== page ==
Friday, February 07, 2014

Pictures of God, Man, and Everything

Very often, like yesterday, I start off writing a post, and it takes me down a completely unintended path. I never have any real idea what's going to come out, but I usually at least start with the seed of an idea. But then it's as if the seed grows into a different plant.

Which again makes me think that the mind must conform to some sort of higher organizing principle, so long as we abandon ourselves to it. In a certain sense this is a banality, but I don't think I mean it in the banal sense.

In other words, we're not just talking about familiar concepts such as "human nature," or "archetypes," or the old idea of "humours." Those are all too static and repetitive, whereas this is a creative process that ceaselessly generates patterned novelty. Who or what exerts the pattern on our random vertical walk? What makes it all cohere around a center?

These patterns aren't like those, say, of a cherished rug that pulls the room together, or the logocentric designs cranked out by the Mohammedans. Check some of those out; many could be stunning representations of O, such as:

The other day I yoinked a bunch of arresting fractal could-be images of O for future use, such as the one below:

I feel like the Richard Dreyfus character in Close Encounters of the Third Kind. Except this would be close encounters with a kind of threeness, i.e., the Center, the Periphery, and the crackling Radius, AKA Father-Son-Holy Spirit chasing itsoph. The radius is where the (⇅) occurs. You can see how God writes straight with those crooked lines converging on the center.

But of all the images I swiped, my favorite -- the one to which I am most attracted -- might be the one depicted below:

I don't mean aesthetically attracted, but intellectually attracted, for it looks to me like a representation of the human situation.

There are the vertical spaces above and below, with us situated in the middle. Or, you could say heaven above and hell below, with Middle Earth in between. Whatever the case may be, there is a supra-conscious and an un- or infraconscious. Or better, infrahuman.

Except it's not static but dynamic and flowing. The center area is the place of metabolism, with energies flowing up and down. We're always receiving promptings from the unconscious. But we're also always receiving murmurandoms from above. It is for us to weave these together for a full and fruitful incarnation.

Some have suggested that this is the esoteric meaning of space voyager Genesis 1, where the great imagineer divides the waters above from the waters below. If he hadn't done this, then the water would simply seek its own level, and there would be no vertical flow, just the absurcular dog-paddling of the tenured.

Below is another suitable image of what I like to call the Great Attractor, O, drawing us up into its ether orbit:

Or how about the oversized one below, which might be the view from within the attractor beam -- perhaps of the Dark Night of the Soul and the Light at the end of the funnel of love:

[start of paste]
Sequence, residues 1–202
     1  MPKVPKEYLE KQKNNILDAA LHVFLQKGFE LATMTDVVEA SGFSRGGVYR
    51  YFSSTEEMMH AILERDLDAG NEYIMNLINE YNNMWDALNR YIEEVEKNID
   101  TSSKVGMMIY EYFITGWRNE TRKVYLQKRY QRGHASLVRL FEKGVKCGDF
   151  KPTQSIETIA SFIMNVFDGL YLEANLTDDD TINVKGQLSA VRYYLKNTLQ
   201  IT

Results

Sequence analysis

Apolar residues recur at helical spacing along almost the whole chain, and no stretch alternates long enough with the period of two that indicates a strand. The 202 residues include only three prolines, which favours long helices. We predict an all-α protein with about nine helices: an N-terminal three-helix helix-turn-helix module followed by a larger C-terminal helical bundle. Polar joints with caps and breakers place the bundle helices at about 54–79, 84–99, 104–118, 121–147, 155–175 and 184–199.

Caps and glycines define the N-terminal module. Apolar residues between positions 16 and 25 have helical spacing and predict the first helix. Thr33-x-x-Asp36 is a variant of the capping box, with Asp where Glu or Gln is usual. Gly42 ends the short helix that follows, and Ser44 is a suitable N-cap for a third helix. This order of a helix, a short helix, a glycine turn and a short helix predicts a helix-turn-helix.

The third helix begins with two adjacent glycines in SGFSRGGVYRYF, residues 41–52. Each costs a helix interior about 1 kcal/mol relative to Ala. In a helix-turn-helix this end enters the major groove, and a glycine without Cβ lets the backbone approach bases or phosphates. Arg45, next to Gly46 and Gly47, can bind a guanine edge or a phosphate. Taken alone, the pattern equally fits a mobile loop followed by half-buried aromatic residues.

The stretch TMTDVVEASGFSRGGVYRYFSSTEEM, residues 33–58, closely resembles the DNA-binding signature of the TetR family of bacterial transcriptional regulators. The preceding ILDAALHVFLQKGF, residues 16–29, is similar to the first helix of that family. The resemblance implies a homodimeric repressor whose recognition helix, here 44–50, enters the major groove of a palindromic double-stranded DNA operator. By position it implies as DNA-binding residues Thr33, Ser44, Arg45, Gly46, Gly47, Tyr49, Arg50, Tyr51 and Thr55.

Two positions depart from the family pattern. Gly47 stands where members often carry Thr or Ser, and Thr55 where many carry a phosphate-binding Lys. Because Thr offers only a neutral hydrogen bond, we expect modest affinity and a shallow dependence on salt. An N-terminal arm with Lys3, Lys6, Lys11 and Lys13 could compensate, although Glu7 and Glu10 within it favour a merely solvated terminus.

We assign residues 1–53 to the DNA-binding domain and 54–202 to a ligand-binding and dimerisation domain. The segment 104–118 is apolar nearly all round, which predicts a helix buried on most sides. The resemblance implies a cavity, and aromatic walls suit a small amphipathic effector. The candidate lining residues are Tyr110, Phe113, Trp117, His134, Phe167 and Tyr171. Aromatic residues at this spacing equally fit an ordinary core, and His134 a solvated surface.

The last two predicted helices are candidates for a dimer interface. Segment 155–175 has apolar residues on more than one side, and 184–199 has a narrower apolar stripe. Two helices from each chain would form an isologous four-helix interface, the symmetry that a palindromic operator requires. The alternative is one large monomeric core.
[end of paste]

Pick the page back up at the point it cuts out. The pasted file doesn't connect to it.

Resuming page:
I think Wanda is actually referring to that other centripetal funnel -- you know, the funnel of lust:

Well, I'd better complete some work-work before the day is truncated by the birthday party for Grandma.

Thursday, February 06, 2014

Credulity and Faith in God and Man

So, if we are on the right track, a properly exercised faith is not any kind of denial of reality, but rather, the opposite: the quintessential acceptance of the Real and all it entails. Nor is it necessarily any kind of superficial joyrood, for we cannot know ahead of time what we are consenting to.

This is like most anything else. For example, when one says Yes to marriage in the presence of God and man, one cannot possibly know what one is signing up for. Rather, faith, both horizontal and vertical, spouse and vow, is an intrinsic part of the deal. I suppose that's why they call it being faithful.

It is the same with regard to choosing a career or pursuing a discipline. More generally, there would be no reason to get out of bed in the morning in the absence of faith.

In this regard, it seems that faith is phenomenologically related to hope. Therefore, faithlessness would apparently correspond to a kind of total cynicism: nothing to trust and no reason to trust it. Except, of course, for a total faith in the power of one's own corrosive cynicism.

As we have said before, the typical leftist somehow combines a childlike credulousness with an omniscient cynicism. It is specifically this combination of traits that made possible President Malevolent Cipher. The same ruthless cynicism that couldn't stop itself from preposterous attacks on George Bush turned into its seeming opposite, an innocent and childish faith in his successor.

As I wrote once upon a post, "contemporary philosophy does not begin with a sense of wonder, nor does it attempt to cultivate it. Rather, it begins with the capacity to doubt, and then aggravates it, eventually turning a good servant into a tyrannical master, for there is nothing that cannot be doubted by doubt. It takes no wisdom or skill at all. Any buffoon with a capacity to doubt is already pre-approved for tenure."

Josef Pieper writes of the orthoparadox that "Man is true to himself only when he is stretching forth -- in hope -- toward a fulfillment that cannot be reached in his bodily existence.” This paradox essentially revolves around the complementarity of being and becoming: or of Is and Ought, potential and fulfillment, time and eternity.